Written in 1867, the picture shows the everyday urban scene of royal times: a drowned girl caught from a river and a policeman guarding her dead body. A middle-aged man smokes a pipe and seems immersed in his own thoughts, absolutely indifferent to what happened to the girl. However, there is something in this picture that takes it beyond the framework of a strictly domestic genre. Something that makes me think back to this story again and wonder: why does a drowned woman seem to be more alive than a person sitting next to her?
In the depicted scene, you can see the three main characters: the dead girl, middle-aged policeman and the outlines of the city behind them. The characters are combined into a single whole with the help of a set of expressive means by which the artist expressed his idea.
She looks as if freed from a heavy burden, a difficult fate, something that tormented her in life. Her posture expresses relaxation and almost hovering in the air – talking about it long disheveled hair, plenty of space around the reclining figure and location away from the visual center of the picture.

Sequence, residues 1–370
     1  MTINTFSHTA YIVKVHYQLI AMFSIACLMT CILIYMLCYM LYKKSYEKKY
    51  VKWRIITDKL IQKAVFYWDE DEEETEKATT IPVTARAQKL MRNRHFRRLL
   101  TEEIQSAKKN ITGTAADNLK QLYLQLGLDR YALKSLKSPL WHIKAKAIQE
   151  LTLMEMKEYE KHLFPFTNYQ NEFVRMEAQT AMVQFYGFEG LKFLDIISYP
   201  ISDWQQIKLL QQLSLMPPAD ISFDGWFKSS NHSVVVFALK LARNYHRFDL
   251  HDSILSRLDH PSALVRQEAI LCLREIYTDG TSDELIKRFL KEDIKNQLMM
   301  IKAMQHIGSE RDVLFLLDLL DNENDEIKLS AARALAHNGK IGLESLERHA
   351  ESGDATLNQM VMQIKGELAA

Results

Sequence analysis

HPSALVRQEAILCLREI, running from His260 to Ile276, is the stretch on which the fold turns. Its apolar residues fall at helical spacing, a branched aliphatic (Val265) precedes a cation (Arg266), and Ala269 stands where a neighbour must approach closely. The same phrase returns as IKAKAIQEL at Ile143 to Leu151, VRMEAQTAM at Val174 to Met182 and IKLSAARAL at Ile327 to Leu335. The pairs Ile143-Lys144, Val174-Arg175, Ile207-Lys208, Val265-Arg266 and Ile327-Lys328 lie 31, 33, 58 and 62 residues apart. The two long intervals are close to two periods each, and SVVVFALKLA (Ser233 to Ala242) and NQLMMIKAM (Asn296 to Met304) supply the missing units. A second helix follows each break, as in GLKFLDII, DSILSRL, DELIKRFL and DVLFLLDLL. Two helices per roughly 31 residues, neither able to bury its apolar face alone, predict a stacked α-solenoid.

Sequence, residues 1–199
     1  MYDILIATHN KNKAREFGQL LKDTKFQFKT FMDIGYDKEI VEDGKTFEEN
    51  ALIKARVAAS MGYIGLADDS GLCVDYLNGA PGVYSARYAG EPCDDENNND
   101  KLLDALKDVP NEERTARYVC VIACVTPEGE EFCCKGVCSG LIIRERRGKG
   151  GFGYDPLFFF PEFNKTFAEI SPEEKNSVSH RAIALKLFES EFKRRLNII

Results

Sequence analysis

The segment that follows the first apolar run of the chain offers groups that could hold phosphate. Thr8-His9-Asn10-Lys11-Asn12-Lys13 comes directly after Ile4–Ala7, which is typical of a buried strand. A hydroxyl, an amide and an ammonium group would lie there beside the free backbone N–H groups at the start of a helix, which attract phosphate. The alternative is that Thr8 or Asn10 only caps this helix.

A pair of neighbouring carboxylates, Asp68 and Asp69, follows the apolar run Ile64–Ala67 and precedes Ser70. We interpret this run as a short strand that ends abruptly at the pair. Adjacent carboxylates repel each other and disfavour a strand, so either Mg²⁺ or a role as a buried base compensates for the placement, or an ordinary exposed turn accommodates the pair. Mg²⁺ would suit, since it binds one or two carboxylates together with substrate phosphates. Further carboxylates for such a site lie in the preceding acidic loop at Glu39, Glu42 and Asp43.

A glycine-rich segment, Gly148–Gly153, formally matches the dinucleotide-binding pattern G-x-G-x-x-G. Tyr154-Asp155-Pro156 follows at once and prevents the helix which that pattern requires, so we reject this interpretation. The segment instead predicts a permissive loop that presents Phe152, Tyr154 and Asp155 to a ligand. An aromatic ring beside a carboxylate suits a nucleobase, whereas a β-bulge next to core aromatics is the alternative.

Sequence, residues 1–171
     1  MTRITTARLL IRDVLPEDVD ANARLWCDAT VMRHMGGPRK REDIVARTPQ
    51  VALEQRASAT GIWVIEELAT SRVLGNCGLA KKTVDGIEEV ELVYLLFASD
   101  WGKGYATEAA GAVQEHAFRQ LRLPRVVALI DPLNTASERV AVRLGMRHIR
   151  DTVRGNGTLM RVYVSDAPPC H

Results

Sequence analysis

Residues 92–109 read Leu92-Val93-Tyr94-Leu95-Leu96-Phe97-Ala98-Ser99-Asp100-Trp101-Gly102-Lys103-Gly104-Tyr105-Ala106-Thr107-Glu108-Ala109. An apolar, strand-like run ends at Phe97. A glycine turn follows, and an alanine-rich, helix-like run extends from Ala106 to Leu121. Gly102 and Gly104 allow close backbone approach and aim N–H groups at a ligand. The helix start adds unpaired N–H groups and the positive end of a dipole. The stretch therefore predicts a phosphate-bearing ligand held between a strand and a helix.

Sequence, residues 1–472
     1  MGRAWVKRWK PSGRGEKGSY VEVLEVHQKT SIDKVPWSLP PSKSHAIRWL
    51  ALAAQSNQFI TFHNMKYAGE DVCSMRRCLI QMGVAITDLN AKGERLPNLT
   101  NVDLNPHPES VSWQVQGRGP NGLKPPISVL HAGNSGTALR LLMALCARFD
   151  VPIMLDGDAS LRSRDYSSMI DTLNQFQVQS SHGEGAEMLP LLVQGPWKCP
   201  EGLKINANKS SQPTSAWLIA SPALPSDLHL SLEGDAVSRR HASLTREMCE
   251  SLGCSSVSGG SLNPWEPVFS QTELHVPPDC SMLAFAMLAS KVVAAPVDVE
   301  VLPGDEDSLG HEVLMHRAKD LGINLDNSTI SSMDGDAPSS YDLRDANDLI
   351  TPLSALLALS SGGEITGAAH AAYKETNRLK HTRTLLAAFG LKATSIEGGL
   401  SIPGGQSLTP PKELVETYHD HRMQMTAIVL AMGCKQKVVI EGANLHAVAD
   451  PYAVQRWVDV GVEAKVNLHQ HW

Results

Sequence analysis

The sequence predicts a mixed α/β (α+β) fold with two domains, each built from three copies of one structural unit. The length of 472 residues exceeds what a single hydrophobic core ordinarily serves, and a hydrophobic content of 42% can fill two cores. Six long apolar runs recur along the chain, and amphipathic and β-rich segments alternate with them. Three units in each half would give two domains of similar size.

Policeman – Conversely, if enclosed in a rectangular frame, is organic in its movements and opportunities. This is a typical serviceman acting strictly according to the orders of a superior, and having no desire to act on its own. Maybe he is sorry for the girl, but apparently he doesn’t show it at all. It is also possible that his feelings have long turned into the breech of the reaction and replaced by indifference.
The third actor – the city in the background – is shrouded in morning mist, a flock of birds flies over the surface of the water. And the drowned woman is also depicted free, like a bird. It is known that in the days of the artist’s life suicide was considered a sin and was condemned. Thus, portraying a drowned girl calm and free, the author of the picture could express her empathy.